Troubled sleeping may not seem like a relevant problem to discuss during a routine checkup, but if you struggle with snoring or sleep apnea, your dentist can help. Both snoring and sleep apnea are related to a restriction in your air passages while you sleep. People with sleep apnea lose oxygen for ten seconds or more, and lose the ability to get proper rest. Sleep apnea can be a serious threat to your health. A comprehensive dentist can go beyond inspecting the condition of your teeth, and help you treat problems like snoring and sleep apnea. Continue reading “Working With Your Dentist To Treat Sleep Apnea”
Have you been waking up feeling as if you never went to bed? A poor night’s sleep is almost as bad as no night’s sleep, possibly worse. Plus, it can leave many people feeling restless, and even hopeless. But did you know that if your sleep has been suffering, your dentist could help? If your problem stems from sleep apnea, a dangerous condition that can affect your ability to breathe while you sleep, a dentist can help provide treatment that can keep your airways open and your sleep more sound. Continue reading “Want a Better Night’s Sleep? Your Dentist Can Help”
You may have heard of sleep apnea but are still unsure of what it is. Sleep apnea is a sleep disorder that can affect anyone at any time. In fact, Shaquille O’Neal and Rosie O’Donnell are two celebrities known to suffer from sleep apnea. Did you know that general dentists can treat sleep apnea? How much do you know about sleep apnea? Do you want to know more? Take our fun true or false quiz below on Sleep Apnea 101 to learn more.
Do you have difficulty obtaining a full night’s rest? Do you often feel exhausted throughout the day, even though you feel like you did sleep the night before? Don’t worry, you’re not alone. On fact, there’s a chance you’re one of the over ten million Americans with obstructive sleep apnea. Understanding the cause and symptoms of this serious disorder is the first step towards treating sleep apnea.
Last week, we discussed snoring and how the phenomenon occurs. We also focused on how snoring is often more than it may seem, indicating a disorder known as obstructive sleep apnea (OSA). The term, “apnea,” is Greek, and loosely translated as the cessation of breathing. Many patients are driven to seek a medical diagnosis and treatment by their annoyed sleeping partners, but while the snoring patterns associated with OSA are loud, they don’t usually wake the patient from consciousness. If you sleep alone while OSA robs you of the deep rest you need, then you may experience a wide range of symptoms before realizing that something is wrong. Continue reading “Signs that You Have Sleep Apnea (Snoring: Pt. 2)”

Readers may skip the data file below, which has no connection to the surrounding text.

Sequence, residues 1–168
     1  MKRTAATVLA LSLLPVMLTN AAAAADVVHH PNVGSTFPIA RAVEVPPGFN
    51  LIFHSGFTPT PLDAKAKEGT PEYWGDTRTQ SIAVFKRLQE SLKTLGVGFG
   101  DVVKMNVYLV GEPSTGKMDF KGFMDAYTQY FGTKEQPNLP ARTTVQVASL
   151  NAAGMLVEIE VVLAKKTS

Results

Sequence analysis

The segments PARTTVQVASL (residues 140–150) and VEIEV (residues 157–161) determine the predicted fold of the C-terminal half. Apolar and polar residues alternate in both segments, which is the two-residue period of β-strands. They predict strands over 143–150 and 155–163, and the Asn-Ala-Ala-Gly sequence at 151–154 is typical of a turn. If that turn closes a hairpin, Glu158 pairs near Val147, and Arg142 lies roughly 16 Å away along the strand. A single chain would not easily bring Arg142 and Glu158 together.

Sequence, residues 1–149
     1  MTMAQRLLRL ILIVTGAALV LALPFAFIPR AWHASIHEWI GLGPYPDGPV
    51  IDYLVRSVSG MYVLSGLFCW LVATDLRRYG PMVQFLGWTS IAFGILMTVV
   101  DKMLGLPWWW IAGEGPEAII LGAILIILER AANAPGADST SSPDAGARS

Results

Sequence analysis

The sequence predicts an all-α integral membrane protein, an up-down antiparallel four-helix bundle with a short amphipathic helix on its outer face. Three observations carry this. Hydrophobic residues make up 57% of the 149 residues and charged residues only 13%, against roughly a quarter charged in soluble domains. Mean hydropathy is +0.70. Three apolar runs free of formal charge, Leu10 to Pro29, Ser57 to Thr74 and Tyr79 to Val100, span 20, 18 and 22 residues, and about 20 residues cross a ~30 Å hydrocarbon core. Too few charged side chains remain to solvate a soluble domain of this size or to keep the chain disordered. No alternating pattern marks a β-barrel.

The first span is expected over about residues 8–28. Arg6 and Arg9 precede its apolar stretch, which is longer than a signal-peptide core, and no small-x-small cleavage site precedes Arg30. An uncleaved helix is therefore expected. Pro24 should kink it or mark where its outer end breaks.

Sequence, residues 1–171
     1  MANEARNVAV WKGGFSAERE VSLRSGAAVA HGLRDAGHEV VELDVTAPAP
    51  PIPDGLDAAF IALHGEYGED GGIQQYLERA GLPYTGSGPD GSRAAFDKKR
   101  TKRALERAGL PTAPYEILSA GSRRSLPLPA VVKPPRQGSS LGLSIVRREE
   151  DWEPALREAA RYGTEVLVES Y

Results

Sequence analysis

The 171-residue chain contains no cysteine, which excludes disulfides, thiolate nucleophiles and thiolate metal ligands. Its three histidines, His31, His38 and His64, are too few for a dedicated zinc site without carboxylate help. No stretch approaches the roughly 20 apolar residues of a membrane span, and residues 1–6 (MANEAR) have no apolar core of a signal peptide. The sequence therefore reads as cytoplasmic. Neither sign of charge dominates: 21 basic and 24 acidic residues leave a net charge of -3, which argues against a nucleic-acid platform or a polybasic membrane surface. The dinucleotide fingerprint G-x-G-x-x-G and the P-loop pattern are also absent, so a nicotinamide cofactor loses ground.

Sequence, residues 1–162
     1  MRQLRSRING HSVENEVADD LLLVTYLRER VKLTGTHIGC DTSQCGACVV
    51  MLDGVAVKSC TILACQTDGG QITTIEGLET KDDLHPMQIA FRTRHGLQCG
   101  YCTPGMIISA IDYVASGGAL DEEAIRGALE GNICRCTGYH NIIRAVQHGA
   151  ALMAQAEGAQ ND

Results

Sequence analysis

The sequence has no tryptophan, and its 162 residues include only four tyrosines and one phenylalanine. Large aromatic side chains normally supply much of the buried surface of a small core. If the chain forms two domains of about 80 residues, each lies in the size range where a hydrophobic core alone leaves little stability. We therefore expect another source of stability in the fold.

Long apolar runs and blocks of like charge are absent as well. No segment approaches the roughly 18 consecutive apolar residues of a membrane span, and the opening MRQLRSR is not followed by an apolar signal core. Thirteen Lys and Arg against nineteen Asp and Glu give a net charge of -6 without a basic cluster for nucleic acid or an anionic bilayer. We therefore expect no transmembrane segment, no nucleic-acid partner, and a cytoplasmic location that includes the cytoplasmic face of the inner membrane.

Trouble sleeping? “Don’t eat before bed” is common advice. When your body is hampered by the digestion process, some people find it hard to relax. However, for some, a small snack can actually help them unwind. Your Reno sleep dentists have some suggestions on foods to eat, and foods to avoid, before you lay your head down on your pillow at night.
At Wager Evans Dental, Dr. William Wager and Dr. Brian Evans offer top-notch general, preventive, restorative, and cosmetic dental services to our patients of all ages from across the greater Reno area. We want our patients to know that we go above and beyond the care given at traditional comprehensive care dental practices. How? By offering sleep apnea treatment.
Sleep apnea is a condition in which your oral and throat muscles relax and shift when you sleep, blocking your airway. This obstruction interferes with your breathing while you sleep, eventually causing you to stop breathing completely. These pauses in breathing can last anywhere from ten seconds to a few minutes and can occur several times within a sleep cycle, adding up to countless times each night. Continue reading “Helping Reno Patients Sleep Better”
Did you know that sleep apnea increases risk for heart attack and depression? A recent study also connects sleep apnea to dementia in elderly females who experience 15 or more sleep apnea episodes per hour.
Sleep apnea is a lapse in breath during sleep. The most common form of sleep apnea is obstructive, or OSA. When we sleep, jaw muscles relax. The lower jaw can move slightly backward, allowing soft tissues in the throat and mouth to completely block breathing. Partial blockage often causes snoring – the sound of vibrating soft tissues in the mouth. While not all snorers have OSA, snoring is a symptom of the condition. Continue reading “Sleep Apnea Linked to Dementia”